Husband. Dad to 5. Student Ministry Pastor. Follower of Jesus. Yatta yatta.


A while back I was approached by one of our kids ministry pastors at Journey, Tara, about the idea of creating a family worship experience with a generosity focus during the month of November.  Within minutes we had agreed to do it and then decided to offer an interactive and participatory learning experience.  As parents, we both yearned for this for our own kids and hoped others would want the same.
We ended up working with a team of people to plan it over several months and it finally pulled it off on the Sunday before Thanksgiving.  We were stoked, because in the end, it was a HUGE hit.  We had over 100 families show up, worship together and then engage in meeting the needs of someone less fortunate either in our community or around the world.  
Families were given a passport during our large group worship service and then they went to 3 stations on campus before going off campus to buy a gift for someone in need and coming back on campus to wrap it / pray over it / and then enjoy some hot cocoa.  It was an Epic night.  

In the process, I was reminded of a few things.
GENEROSITY IS NEVER ACCIDENTAL BUT ALWAYS FUN.  If I want my kids to be generous, then I have to give them intentional opportunities to be generous. Going to Mexico. Saving money to spend on others. It’s nights like this one that provided a win in this regard for everyone.  Another family in need was blessed and my kids were too.  Generosity is not something I drag my kids into, it’s something my family gets the joy of participating in and it can’t be taught.  It can only be caught.  Blessing others is a joy- especially when you do it together.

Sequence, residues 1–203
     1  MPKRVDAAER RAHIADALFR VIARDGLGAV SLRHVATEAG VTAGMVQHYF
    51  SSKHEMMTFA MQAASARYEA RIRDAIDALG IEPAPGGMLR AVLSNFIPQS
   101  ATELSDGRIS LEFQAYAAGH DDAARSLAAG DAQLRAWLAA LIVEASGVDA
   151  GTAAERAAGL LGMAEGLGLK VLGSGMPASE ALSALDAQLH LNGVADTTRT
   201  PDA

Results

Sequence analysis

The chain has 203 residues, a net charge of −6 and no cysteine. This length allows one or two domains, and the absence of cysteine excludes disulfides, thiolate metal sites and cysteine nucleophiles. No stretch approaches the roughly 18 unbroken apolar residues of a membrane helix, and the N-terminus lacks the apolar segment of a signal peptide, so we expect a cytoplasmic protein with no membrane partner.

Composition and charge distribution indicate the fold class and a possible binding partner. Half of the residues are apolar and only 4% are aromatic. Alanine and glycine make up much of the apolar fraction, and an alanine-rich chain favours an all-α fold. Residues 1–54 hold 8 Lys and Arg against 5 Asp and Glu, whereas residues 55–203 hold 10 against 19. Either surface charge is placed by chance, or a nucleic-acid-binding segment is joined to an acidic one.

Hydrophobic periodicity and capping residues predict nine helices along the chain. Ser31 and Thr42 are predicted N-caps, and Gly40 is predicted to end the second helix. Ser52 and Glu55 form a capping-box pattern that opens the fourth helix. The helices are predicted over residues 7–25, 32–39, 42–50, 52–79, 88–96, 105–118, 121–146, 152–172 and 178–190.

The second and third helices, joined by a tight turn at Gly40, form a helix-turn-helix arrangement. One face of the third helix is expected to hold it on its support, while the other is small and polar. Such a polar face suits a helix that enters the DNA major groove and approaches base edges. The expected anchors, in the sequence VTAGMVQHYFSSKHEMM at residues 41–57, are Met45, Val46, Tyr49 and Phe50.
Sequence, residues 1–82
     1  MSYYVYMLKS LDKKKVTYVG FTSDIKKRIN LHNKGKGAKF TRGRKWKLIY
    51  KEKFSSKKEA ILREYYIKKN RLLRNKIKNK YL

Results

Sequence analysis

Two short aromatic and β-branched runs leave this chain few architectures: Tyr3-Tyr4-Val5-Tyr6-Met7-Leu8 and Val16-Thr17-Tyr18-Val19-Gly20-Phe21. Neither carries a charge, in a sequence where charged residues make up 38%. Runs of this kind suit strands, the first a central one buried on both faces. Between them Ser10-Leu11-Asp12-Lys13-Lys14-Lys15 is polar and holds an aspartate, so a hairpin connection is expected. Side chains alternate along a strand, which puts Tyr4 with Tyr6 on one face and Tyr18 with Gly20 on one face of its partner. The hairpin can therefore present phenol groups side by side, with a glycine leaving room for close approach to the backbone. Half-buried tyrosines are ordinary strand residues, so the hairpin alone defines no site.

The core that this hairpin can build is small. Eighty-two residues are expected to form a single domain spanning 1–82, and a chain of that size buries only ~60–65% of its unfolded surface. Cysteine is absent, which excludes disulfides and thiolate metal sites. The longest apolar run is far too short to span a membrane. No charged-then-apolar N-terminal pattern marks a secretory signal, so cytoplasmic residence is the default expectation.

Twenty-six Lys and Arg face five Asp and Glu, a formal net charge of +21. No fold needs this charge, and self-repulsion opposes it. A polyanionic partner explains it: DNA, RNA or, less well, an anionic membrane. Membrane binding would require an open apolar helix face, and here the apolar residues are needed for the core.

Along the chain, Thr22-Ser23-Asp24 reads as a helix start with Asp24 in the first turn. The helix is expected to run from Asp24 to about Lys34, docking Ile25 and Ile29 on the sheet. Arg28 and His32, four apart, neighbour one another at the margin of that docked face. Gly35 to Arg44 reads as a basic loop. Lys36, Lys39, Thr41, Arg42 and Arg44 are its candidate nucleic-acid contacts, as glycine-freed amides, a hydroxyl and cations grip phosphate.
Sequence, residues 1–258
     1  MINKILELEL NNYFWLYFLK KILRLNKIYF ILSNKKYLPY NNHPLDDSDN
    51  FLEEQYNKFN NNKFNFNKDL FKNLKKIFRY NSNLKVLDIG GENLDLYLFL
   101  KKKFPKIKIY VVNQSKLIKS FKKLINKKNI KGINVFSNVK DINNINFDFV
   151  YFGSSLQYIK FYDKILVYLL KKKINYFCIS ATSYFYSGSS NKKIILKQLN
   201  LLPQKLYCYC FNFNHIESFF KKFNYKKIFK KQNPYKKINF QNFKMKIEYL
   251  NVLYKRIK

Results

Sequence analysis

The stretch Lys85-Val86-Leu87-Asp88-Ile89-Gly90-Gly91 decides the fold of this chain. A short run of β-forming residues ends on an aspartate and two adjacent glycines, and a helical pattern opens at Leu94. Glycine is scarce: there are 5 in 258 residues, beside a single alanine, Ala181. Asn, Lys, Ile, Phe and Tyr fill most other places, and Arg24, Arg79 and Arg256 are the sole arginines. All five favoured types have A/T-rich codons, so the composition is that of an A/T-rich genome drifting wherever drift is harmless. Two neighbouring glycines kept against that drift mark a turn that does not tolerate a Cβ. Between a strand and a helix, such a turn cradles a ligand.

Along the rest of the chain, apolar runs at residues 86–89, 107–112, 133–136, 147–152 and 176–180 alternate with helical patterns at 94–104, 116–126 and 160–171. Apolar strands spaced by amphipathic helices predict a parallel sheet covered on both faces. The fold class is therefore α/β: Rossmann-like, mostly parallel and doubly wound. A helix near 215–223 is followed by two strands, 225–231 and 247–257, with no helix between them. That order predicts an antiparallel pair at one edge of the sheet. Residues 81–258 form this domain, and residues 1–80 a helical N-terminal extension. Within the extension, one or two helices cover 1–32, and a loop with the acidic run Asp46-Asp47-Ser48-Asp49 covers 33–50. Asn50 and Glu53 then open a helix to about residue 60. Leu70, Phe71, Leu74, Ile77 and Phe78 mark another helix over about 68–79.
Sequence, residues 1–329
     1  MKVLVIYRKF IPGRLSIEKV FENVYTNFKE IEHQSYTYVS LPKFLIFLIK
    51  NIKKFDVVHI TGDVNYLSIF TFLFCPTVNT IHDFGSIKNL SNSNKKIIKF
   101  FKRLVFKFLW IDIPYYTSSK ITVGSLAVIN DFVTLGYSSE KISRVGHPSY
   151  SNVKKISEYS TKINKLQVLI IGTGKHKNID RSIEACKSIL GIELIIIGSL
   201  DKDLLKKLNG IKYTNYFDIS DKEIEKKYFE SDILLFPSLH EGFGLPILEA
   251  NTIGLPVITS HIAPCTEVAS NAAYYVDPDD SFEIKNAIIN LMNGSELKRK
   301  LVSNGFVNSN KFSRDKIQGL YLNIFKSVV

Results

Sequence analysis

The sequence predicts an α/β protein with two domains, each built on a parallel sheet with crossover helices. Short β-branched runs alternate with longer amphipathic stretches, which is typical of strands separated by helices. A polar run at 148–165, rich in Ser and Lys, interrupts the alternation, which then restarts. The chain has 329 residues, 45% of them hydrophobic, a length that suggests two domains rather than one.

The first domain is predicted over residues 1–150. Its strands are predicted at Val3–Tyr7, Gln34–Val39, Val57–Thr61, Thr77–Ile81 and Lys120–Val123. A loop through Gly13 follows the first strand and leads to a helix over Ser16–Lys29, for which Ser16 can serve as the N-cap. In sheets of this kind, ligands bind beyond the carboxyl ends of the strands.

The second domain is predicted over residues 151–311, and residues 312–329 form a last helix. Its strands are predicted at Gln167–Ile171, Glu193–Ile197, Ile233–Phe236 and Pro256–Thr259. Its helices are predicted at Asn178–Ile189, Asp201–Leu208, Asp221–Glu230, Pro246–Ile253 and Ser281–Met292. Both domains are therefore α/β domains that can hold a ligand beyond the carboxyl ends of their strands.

CREATIVITY INSPIRES GENEROSITY.  Each family was unique in how they chose to create this experience and what they chose to buy for another family.  It was amazing to watch really.  This past Thanksgiving, during a tradition of writing down what we’re most thankful for during a thing we call the “blessing pot”, my mom gave everyone $5 with the one pre-requisite that you would use it to bless someone else.  It really made for some great conversations with my kids and 8 of us at the table pooled our money together and chose to buy a flock of chickens and a flock of geese from  Jake gave his to 1 friend to use in Uganda this summer.  Tyler has been giving his money a dollar at a time to kids at school who forgot their lunch money.   Generosity was in the air and creativity was rolling.  So cool. 
GENEROSITY IS QUALITATIVE, NOT QUANTITATIVE.  Creating a generous Spirit cannot be quantified.  Generosity in my kids and in my family is not so much about the size of the gift we give away, but rather than we are always eager to push ourselves beyond what is comfortable. That could be small or big in terms of actual gifts or money.  But that doesn’t minimize the power of a small thing to change the world.  These generous families and their kids said that loud and clear with their lives. 


  1. Brian, thanks for this post. Now that I’m in a position as a Family Pastor, trying to help parents, I’m seeing your posts in a whole new light. You rock, dude. Thanks for sharing.

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